Tolkien Gateway

Necklace of Girion

The Necklace of Girion by Audrey Corman

The Necklace of Girion was a marvelous piece of jewelry originally owned by Girion, Lord of Dale. The necklace was studded with five hundred emeralds as green as grass.


[edit] History

Prior to the coming of the dragon Smaug, Girion had traded the necklace to the Dwarves of Erebor in exchange for a coat of dwarf-linked rings wrought of pure silver that was three times as strong as steel. The coat was given to Girion's son.[1] In T.A. 2770 Smaug attacked both Dale and the Kingdom under the Mountain,[2] and the Necklace became part of Smaug's hoard after the dragon occupied the Lonely Mountain.[1]

After the death of the dragon, the Battle of Five Armies, and the death of Thorin, Dáin II became King under the Mountain and dealt the treasure wisely. Bard, the heir of Girion, returned the Arkenstone to the Dwarves and in the one-fourteenth share given to Bard came the Necklace of Girion. Bard then gave the emeralds to the Elvenking, who was most fond of such gems, in thanks for the aid the Elves had rendered to the Lake-men of Esgaroth.[3]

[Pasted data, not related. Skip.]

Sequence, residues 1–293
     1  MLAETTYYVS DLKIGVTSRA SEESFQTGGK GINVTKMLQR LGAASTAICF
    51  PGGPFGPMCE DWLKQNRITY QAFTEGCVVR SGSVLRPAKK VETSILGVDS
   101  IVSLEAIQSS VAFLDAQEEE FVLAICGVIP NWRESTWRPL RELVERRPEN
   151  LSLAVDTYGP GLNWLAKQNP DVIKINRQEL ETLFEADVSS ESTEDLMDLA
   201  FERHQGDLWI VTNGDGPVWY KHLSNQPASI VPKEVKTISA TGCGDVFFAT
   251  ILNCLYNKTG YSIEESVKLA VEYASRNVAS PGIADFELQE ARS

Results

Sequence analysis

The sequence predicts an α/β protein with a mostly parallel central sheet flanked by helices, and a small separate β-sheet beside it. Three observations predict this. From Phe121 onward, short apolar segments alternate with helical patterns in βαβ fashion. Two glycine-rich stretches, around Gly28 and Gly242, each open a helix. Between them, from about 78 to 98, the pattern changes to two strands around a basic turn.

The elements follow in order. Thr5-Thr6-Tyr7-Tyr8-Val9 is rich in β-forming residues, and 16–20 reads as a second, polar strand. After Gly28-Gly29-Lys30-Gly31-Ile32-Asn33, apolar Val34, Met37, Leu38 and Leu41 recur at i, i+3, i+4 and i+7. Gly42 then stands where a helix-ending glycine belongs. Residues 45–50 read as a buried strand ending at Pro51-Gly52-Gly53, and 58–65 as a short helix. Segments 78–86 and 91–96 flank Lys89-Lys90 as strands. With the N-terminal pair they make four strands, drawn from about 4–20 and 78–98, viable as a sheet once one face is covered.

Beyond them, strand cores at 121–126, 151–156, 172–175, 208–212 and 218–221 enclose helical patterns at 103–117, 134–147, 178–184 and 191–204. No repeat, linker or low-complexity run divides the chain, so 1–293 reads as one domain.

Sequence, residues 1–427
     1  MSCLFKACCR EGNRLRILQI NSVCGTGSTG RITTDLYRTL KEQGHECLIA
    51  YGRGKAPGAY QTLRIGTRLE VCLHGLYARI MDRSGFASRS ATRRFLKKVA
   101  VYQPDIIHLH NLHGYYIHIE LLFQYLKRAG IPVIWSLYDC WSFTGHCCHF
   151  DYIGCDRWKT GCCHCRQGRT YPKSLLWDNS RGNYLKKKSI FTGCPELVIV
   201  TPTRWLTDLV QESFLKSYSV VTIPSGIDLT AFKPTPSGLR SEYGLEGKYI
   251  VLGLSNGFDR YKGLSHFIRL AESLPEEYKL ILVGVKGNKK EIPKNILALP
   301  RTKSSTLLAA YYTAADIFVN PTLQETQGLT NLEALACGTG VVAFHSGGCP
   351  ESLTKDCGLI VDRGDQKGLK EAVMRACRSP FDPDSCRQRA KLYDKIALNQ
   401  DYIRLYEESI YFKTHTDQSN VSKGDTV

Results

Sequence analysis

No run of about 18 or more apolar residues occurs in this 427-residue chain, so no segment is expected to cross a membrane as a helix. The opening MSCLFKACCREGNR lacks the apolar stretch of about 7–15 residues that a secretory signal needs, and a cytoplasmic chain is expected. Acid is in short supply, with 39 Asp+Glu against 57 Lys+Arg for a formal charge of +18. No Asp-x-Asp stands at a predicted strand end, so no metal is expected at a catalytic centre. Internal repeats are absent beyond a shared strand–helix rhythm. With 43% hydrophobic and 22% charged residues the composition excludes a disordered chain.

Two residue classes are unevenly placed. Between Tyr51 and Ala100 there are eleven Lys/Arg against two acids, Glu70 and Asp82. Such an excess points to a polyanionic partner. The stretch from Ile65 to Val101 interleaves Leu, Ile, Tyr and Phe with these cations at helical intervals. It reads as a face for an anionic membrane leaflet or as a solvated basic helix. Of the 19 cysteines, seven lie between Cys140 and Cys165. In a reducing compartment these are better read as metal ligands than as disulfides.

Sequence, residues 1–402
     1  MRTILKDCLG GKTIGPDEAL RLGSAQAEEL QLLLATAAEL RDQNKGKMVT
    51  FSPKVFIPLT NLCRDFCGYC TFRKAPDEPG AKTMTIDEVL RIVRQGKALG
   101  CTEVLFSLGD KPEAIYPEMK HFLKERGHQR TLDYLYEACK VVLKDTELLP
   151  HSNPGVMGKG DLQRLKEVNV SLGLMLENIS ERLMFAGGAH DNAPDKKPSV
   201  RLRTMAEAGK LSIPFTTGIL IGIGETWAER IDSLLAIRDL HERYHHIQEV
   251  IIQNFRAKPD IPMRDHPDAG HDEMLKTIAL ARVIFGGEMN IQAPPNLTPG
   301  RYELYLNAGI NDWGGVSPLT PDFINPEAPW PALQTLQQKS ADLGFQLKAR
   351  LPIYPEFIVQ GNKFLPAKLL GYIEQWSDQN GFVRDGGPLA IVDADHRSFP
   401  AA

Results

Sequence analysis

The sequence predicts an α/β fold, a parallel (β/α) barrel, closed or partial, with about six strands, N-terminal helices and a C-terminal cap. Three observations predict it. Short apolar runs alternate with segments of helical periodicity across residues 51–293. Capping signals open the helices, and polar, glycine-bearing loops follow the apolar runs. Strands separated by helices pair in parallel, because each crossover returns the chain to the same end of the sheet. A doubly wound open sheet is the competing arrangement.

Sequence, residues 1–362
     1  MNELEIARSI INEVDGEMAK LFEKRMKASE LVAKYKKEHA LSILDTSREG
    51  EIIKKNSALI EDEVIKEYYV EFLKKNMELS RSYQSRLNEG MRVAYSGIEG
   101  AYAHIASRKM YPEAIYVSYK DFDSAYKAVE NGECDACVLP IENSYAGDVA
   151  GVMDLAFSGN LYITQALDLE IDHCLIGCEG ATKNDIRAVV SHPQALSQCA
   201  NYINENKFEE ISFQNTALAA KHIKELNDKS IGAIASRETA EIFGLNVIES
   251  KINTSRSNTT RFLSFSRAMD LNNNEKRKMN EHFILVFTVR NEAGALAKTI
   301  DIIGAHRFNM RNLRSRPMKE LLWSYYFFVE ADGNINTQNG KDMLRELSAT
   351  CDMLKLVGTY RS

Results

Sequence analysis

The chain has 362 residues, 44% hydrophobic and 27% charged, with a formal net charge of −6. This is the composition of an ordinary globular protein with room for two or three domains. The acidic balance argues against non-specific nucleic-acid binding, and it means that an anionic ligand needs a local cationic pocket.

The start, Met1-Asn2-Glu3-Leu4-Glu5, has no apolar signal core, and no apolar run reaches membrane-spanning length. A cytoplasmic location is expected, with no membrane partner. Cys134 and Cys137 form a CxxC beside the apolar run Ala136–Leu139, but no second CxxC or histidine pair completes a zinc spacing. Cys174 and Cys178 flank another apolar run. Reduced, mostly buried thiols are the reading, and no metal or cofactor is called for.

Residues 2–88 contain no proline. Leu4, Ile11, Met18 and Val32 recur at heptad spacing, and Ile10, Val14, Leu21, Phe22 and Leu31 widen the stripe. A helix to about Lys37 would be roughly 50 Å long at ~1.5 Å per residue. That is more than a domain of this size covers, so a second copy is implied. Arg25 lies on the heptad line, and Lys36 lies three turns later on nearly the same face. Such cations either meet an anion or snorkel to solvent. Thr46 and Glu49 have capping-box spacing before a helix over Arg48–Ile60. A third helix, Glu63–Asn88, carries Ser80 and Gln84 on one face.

[edit] Other versions of the legendarium

Originally J.R.R. Tolkien had created the Gem of Girion for The Hobbit so as to provide an easily transportable part of the hoard of Smaug for Bilbo Baggins to carry home. Changing his mind about having Bilbo slay Smaug, Tolkien introduced Bard into the plot. The Gem of Girion turned into the Arkenstone and was made the most coveted part of the treasure for Thorin, and the Necklace of Girion was invented to replace its role in the story.[4]

[edit] Portrayal in adaptations

2014: The Hobbit: The Battle of the Five Armies:

Thorin Oakenshield finds a necklace of Girion among the hoard of the Lonely Mountain and gloats about how much an elf lord would pay for it. Thranduil claims the necklace is an Elven heirloom however the fate of the necklace is not given in the film.


  1. 1.0 1.1 J.R.R. Tolkien, The Hobbit, "Inside Information"
  2. J.R.R. Tolkien, The Lord of the Rings, Appendix B, "The Third Age"
  3. J.R.R. Tolkien, The Hobbit, "The Return Journey"
  4. J.R.R. Tolkien, John D. Rateliff (ed.), The History of The Hobbit, Return to Bag-End, The Second Phase, "While the Dragon's Away...", (ii) The Arkenstone as Silmaril, p. 603